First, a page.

By:  Brian Michael Bendis (writer); Chris Bachalo (pencils); Tim Townsend, Al Vey, Jaime Mendoza, Mark Irwin, and Victor Olozaba (inks); Chris Bachalo and Jose Villarrubia (colors)

The Story: We heard you like Sentinels so we put Sentinels in your Sentinels…

The Review: Back in August Uncanny X-Men received a slight boost when it featured a story about Cyclops facing off against a new breed of Sentinel. In the seven months that have passed, Uncanny has been growing and changing, largely for the better. Now that it’s time to pick up that thread, will it have the same oomph that it once did?

The answer is an ever charming sort-of. Bendis makes no attempt to hide that the past half a year of stories were a distraction. While the events of issue seventeen are mentioned, it’s clear that this series has been off track since the last Sentinel arc. The problem is that, for the most part, the filler was far better than anything that preceded it. So while it is intriguing to return to the mystery Sentinels again, there’s a sense of a backslide that I can’t deny is worrisome. It’s also strange since the event that took us off track, “Battle of the Atom”, ended with a dramatic reveal that S.H.I.E.L.D. has Sentinels, and different Sentinels at that.

Regardless, we’re diving back into Bendis’ main story. Summoned by a surge of mutant activity, the New Xavier X-Men find themselves lured into a trap. Bendis knows his collaborators and the creative team deliver a slick futuristic take on the X-Men. These aren’t the simple androids of the Mark I, and panels like a swarm of alien-looking mutant hunters spawning from the maw of a gigantic Sentinel are powerful and eerie. Likewise, a scene inside Cerebro is the stuff of science fiction, the kind that convinced us to buy sunglasses in middle school.

These new model Sentinels present a solid challenge for the team and Bendis’ answer serves to resolve the problem while significantly deepening the mysteries surrounding it. It’s a situation that is all the more fascinating for the removal of Hijack from the team, but the answer is pretty simple. Indeed, much of the issue seems designed to highlight Chris Bachalo’s contributions.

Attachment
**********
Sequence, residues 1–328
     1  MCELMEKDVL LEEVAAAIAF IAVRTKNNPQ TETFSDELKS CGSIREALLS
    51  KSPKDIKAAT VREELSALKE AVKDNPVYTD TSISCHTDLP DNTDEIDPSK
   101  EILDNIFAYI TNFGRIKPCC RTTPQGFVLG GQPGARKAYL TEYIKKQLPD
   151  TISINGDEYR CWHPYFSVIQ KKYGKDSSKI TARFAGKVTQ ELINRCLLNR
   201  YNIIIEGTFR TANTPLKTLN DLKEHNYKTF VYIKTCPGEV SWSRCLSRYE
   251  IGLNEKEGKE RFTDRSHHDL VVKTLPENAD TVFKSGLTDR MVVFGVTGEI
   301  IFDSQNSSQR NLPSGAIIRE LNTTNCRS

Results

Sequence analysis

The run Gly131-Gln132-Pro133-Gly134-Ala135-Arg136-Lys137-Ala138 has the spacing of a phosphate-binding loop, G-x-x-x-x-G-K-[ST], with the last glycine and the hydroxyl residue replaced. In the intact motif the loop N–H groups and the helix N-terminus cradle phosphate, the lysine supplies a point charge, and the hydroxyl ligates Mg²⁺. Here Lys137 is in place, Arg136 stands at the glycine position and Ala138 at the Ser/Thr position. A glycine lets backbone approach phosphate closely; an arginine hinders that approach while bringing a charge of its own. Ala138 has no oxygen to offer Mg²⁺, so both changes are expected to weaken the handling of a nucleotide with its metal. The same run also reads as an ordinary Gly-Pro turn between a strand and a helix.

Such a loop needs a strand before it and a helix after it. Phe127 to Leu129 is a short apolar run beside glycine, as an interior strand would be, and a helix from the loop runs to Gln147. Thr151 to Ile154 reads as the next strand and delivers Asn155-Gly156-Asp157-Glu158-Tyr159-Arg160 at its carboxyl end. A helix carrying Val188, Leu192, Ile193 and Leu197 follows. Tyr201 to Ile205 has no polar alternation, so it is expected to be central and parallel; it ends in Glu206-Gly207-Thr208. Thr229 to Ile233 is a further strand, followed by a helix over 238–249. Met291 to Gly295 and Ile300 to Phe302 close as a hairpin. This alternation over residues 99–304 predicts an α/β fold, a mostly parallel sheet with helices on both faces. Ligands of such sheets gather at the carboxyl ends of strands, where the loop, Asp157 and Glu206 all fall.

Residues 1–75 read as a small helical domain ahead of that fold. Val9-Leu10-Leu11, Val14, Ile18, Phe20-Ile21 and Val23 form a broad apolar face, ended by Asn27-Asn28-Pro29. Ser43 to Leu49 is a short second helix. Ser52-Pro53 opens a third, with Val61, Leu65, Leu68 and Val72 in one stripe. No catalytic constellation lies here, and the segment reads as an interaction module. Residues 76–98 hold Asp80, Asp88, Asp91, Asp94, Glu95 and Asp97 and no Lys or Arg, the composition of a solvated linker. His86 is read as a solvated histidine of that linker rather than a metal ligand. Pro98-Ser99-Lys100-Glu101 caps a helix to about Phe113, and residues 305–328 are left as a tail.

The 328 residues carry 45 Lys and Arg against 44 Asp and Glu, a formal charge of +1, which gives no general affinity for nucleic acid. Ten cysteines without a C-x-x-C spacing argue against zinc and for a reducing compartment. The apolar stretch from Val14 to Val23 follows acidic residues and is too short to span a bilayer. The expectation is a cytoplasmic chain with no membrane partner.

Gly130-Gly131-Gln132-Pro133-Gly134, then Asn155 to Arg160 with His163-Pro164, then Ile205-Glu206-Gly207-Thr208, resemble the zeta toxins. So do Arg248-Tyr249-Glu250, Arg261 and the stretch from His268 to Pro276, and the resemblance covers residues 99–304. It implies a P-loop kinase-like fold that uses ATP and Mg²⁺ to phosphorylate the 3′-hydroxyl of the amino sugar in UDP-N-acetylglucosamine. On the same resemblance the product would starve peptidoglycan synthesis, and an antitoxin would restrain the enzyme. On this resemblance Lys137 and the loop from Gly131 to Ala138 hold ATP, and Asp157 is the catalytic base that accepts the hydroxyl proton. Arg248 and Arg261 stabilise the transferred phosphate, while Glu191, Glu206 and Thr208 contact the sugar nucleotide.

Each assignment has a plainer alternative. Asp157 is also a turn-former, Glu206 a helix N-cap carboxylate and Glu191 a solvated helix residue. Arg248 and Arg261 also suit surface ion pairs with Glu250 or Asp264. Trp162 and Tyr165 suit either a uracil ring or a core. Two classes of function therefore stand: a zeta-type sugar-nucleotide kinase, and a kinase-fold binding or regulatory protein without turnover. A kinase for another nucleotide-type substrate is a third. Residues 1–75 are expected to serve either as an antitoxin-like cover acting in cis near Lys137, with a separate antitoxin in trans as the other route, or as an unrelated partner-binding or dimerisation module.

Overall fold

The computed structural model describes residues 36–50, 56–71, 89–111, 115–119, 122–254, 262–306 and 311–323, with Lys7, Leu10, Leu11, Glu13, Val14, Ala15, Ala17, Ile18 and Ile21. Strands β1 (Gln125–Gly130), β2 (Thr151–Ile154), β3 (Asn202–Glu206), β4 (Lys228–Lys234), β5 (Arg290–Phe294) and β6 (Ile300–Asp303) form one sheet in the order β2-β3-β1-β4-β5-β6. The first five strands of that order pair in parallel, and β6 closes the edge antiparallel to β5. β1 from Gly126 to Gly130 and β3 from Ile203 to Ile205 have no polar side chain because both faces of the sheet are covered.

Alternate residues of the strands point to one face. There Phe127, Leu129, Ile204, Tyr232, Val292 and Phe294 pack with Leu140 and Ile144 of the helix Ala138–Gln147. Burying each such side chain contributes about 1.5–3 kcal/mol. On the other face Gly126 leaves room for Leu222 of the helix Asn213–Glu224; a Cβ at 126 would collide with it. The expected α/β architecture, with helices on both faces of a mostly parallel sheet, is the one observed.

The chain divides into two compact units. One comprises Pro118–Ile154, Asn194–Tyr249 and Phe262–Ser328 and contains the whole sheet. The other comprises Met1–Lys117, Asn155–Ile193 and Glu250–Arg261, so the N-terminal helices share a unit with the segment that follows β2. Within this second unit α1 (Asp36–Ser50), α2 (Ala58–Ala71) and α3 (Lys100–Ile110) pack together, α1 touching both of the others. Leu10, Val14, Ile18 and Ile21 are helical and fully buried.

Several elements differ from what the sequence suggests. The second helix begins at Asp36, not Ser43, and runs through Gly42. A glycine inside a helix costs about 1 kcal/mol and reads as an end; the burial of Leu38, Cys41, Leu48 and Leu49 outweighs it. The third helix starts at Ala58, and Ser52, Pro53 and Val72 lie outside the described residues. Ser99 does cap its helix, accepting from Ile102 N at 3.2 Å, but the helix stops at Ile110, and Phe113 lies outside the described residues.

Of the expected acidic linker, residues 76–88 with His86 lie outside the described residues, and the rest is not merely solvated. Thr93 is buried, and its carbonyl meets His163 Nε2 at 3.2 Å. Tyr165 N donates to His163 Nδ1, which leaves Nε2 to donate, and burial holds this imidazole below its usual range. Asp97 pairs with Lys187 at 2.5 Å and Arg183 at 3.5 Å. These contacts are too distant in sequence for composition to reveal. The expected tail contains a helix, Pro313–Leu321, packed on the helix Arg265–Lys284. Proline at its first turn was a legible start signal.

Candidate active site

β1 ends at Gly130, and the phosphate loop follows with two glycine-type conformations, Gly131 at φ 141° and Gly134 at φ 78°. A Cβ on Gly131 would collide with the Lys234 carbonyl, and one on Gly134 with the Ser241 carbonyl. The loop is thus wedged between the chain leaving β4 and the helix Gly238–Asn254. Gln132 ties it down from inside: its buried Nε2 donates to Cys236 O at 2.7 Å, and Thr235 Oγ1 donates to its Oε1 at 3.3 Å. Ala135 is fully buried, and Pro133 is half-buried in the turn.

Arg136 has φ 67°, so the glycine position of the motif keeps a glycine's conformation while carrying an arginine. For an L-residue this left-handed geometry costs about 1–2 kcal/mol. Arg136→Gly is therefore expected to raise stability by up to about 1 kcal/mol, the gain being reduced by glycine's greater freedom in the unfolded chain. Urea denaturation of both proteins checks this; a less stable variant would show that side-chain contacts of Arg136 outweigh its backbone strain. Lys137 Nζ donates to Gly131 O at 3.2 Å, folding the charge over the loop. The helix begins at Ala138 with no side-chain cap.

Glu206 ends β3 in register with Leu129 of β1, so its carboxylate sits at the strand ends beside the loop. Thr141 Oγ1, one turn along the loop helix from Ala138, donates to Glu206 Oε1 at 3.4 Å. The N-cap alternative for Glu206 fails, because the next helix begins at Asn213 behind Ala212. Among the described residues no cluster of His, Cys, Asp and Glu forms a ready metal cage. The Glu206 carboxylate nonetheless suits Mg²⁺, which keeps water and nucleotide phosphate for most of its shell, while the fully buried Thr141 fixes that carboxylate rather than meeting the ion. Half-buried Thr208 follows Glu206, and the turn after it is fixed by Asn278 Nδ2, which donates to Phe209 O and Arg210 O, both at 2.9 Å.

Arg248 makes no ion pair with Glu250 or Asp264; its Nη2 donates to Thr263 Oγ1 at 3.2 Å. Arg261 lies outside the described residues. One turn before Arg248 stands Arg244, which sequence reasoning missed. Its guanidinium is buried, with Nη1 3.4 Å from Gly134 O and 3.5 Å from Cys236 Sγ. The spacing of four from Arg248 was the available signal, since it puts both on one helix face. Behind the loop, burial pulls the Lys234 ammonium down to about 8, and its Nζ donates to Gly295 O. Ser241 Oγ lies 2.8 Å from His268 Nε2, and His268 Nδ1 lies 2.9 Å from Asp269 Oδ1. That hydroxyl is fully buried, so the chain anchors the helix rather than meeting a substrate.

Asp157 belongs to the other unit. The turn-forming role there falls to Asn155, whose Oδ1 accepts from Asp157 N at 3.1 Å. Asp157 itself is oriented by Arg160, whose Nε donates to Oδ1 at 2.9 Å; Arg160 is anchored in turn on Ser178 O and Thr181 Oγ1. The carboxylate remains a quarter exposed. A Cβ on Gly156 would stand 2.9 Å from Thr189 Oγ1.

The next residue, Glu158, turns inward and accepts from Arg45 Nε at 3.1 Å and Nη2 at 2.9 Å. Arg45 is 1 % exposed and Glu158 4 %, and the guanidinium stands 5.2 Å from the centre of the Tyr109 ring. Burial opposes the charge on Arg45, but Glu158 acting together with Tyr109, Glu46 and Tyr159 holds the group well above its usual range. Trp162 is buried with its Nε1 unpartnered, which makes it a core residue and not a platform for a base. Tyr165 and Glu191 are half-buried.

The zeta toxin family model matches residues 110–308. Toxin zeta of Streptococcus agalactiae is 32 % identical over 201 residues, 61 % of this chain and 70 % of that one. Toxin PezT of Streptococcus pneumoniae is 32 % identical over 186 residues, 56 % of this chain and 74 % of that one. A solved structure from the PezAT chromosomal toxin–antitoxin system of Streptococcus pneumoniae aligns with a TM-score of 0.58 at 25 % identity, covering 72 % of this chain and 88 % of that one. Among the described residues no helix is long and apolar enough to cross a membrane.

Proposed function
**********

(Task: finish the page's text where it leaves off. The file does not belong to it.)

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Ms. Marvel #2 – Review

By:  G. Willow Wilson (writer), Adrian Alphona (art), Ian Herring (color art)

The Story: With great power come awful wedgies…

The Review: Kamala Khan burst into the Marvel Universe in a big way last month, but it’s hard to deny that her debut issue didn’t function as a complete origin story. At the end of issue two it’s not certain that we’re there, but if not we’re getting closer.

Just as last issue gave us a shockingly complete look at Kamala’s ‘normal’, this one is focused on our young hero’s reaction the dose of abnormality that’s just been administered to her life. G. Willow Wilson spends a lot of time dealing with Kamala’s new powers, how they operate and what Kamala knows about them. It’s not gonna scratch the same itch that Avengers did, but it’s remarkably fun learning the ins and outs of being an Inhuman with her.

Kamala is very much in the Peter Parker tradition and this issue features her very own “Go, web!” moment. As silly as it sounds to say about a story that features a teenage girl shapeshifting into a buxom superheroine, Ms. Marvel #2 takes a decidedly realistic view of superpowers. Alongside the standard joy of having power, Kamala experiences the frustration of not knowing how to use it and the terror of not understanding it.

Though the script touches on it, Adrian Alphona brings a sense of the real horror that suddenly gaining shapeshifting abilities would entail. It’s not overt, more there for those willing to see it, but, at least for me, it’s impossible not to consider the disturbing parallels of someone waking up in a city after the detonation of a “bomb” nauseous, disoriented, and with their arm in a position it shouldn’t be in. I’m not pretending that this is a dark book, it’s the farthest thing from it, but Wilson and Alphona are clearly willing to draw upon the power of such cultural fears.